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ya see im totally confused. i want interest and im hearing about insurance. i dont get it

The products we are describing are the ultimate combo: life insurance in case you croak which equates to providing for your beneficiary as if you lived for the life of the policy + investment subaccounts to maximize your interest accrual and take advantage of the ability to withdraw funds at a tax free rate.

However this only makes sense under two conditions:

1) You have someone you care for that will be disadvantaged if you die

and

2) You care

If you can't answer yes to both, the clear path for you to travel is straight mutual funds. These products are primarily equal to a super-charged Roth IRA + life insurance bundled together.

Quick example, with very raw numbers. Say you have 2 kids, aged 2 and 4, and your major goal is to be able to pay for college. A reasonable solution would be to open a VUL with a $250,000 face (8 years of college at $31,250). If you die day 2 of the policy, your benificiaries get 250k and college is paid for + interest.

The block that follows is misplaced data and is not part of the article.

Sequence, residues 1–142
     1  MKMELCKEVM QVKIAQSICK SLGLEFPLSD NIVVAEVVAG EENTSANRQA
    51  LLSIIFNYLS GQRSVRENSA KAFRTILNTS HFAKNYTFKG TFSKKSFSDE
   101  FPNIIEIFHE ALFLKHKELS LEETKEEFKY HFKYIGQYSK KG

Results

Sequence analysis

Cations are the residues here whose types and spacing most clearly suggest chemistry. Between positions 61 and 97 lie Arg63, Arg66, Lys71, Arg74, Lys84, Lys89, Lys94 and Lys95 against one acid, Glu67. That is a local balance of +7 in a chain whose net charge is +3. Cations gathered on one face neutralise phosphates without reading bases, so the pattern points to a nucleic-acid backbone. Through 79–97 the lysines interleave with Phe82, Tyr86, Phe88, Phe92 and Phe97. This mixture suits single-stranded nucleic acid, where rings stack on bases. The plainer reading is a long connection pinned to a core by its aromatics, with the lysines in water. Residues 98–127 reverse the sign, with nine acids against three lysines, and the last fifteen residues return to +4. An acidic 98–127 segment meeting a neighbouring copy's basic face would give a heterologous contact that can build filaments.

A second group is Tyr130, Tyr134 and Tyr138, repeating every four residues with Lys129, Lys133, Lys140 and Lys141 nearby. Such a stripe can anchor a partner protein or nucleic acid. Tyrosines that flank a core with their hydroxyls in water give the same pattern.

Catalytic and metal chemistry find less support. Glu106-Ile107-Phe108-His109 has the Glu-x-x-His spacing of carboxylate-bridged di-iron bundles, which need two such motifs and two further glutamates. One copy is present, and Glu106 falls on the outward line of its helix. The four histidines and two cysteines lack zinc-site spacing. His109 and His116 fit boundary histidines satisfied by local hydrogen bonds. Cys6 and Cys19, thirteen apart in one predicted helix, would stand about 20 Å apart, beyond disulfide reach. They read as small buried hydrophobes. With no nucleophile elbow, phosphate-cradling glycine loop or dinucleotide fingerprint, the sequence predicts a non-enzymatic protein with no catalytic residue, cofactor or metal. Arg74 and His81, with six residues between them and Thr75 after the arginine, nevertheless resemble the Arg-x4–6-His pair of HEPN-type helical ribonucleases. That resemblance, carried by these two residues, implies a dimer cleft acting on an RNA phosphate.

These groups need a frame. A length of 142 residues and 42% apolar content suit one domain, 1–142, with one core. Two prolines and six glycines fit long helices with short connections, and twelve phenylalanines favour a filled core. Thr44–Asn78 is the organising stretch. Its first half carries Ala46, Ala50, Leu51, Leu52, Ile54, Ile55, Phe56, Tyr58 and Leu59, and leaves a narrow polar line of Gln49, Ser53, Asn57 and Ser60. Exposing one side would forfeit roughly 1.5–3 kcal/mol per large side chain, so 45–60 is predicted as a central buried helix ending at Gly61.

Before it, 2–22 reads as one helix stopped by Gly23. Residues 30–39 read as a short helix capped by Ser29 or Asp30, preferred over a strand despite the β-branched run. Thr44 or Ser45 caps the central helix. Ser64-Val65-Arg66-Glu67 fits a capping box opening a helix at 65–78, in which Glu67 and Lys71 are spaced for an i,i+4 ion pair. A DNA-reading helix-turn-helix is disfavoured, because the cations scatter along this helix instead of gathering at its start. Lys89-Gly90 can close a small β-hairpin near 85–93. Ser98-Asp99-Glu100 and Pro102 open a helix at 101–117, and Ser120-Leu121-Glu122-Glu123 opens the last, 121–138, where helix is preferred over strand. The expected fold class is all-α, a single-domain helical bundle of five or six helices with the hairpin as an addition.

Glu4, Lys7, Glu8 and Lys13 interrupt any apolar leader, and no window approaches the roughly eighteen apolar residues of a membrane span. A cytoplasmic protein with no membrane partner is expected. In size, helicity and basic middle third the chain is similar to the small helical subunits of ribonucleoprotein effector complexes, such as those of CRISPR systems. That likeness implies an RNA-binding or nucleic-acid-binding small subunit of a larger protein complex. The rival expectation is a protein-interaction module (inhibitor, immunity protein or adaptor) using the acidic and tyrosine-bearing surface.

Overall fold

If you survive, each year you overinvest in the policy beginning year 1 at 5k. Some portion of the 5k goes to pay the policy premium, the rest gets invested at your direction. Each subsequent year, you probably need to up your investment by ~2% to keep it flowing and reinvest your raises. By the time your kids are ready for college, you will have enough saved to pay for it, assuming 8% AVERAGE growth over the period.

Average growth is the trick. You need to be investing for the long term (10+ years) if you are looking for elevated return rates. Looking at year over year growth with lead to disappointment and is not appropriate for virtually any mutual fund based savings approach.